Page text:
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Bronk, Detlev Wulf (13 August 1897–17 November 1975), biophysicist, was born in New York City, the son of Mitchell Bronk, a Baptist minister, and Mary Wulf. Bronk’s family moved to Bayonne, New Jersey, in 1900, and Bronk received his early education there. From 1912 until 1919 he lived in Troy, New York, graduating from high school in 1915. He then enrolled at Swarthmore College....

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Cole, Kenneth Stewart (10 July 1900–18 April 1984), biophysicist, was born in Ithaca, New York, the son of Charles Nelson Cole, an educator, and Mabel Stewart. Known in later years by colleagues and friends as Kacy, Cole described his childhood as lonely. He grew up in the intellectually challenging environment of college towns, and his mother encouraged his scientific curiosity. In 1917 Cole entered Oberlin College, where his father was a dean. His sophomore year was interrupted for a brief period of army service at the end of 1918. During the summer months of 1920 and 1921 and a year’s leave of absence (1921–1922), Cole worked at the General Electric Research Laboratory in Schenectady, New York. After receiving his A.B. in physics in 1922, Cole chose to pursue graduate studies in physics at Cornell, where he studied with ...

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Hartline, Haldan Keffer (22 December 1903–18 March 1983), biophysicist, was born in Bloomsburg, Pennsylvania, the son of Daniel Schollenberger Hartline, a teacher in the natural sciences at Bloomsburg State Normal School, and Harriet Franklin Keffer, a teacher of English at the normal school. Hartline referred to his father as his “first and best teacher.” The love of nature that his father instilled in him strongly influenced his choice of experimental research in biology as a lifelong career. In 1920 Hartline spent the summer studying comparative anatomy at the marine laboratory in Cold Spring Harbor, Long Island. That fall he entered Lafayette College. Hartline spent the summer of 1923 at the marine laboratory at Woods Hole, Massachusetts, where the eminent biologist ...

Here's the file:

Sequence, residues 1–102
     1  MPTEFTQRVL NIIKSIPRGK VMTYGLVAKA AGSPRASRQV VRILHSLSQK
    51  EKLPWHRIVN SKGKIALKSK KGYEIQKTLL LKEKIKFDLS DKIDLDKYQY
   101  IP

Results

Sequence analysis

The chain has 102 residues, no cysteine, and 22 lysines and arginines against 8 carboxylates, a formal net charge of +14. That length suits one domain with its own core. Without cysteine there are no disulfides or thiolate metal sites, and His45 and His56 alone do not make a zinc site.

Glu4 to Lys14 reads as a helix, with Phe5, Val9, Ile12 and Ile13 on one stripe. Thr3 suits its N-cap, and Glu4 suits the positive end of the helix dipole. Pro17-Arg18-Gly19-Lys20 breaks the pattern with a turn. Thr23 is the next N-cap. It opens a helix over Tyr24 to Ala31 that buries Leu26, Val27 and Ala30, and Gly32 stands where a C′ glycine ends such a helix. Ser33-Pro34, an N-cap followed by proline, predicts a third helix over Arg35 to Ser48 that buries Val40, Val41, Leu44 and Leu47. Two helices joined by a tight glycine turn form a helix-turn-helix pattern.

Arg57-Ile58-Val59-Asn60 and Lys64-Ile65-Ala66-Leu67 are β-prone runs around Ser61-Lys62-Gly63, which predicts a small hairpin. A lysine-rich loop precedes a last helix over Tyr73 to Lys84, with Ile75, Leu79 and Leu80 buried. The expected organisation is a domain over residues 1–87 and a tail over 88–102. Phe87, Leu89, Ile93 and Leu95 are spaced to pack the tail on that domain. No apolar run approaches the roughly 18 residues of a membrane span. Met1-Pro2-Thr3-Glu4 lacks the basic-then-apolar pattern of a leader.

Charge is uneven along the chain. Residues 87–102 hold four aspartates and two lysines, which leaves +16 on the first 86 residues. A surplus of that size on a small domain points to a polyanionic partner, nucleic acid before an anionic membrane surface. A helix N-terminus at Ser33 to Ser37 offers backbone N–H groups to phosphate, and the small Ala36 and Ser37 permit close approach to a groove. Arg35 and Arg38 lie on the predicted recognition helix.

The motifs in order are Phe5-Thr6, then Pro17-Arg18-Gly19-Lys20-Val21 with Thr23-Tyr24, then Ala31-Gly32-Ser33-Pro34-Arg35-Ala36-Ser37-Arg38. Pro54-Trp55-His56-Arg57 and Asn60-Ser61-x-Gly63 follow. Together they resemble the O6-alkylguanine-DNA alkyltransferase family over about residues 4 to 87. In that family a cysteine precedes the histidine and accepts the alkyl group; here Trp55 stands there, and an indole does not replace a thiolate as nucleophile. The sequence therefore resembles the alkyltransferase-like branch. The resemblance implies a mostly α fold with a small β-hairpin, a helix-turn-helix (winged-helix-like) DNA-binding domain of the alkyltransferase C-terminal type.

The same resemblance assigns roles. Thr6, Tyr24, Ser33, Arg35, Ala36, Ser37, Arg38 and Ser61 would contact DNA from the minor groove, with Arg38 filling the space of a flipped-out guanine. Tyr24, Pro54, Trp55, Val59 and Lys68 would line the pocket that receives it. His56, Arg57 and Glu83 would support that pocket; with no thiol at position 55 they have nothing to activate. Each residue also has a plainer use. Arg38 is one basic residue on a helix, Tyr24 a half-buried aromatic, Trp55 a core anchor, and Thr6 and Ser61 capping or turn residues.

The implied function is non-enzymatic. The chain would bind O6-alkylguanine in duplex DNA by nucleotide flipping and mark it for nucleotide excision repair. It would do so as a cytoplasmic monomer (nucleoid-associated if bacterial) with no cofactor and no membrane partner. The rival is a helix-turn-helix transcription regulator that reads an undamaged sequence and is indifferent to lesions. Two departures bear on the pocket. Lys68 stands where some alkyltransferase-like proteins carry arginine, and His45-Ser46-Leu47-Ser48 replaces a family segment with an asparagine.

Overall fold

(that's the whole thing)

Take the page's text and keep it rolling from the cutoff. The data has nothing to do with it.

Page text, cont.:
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Hecht, Selig (08 February 1892–18 September 1947), physiologist and biophysicist, was born in the village of Glogow, in what was then Austrian Poland, the son of Mandel Hecht and Mary Mresse. His family emigrated in 1898, settling in the Lower East Side of Manhattan, where Mandel Hecht worked as a foreman in the men’s clothing industry. Selig attended both local public schools and Hebrew school, also studying Hebrew at home under his father’s tutelage. He worked as a bookkeeper throughout his high school and college years to help support himself....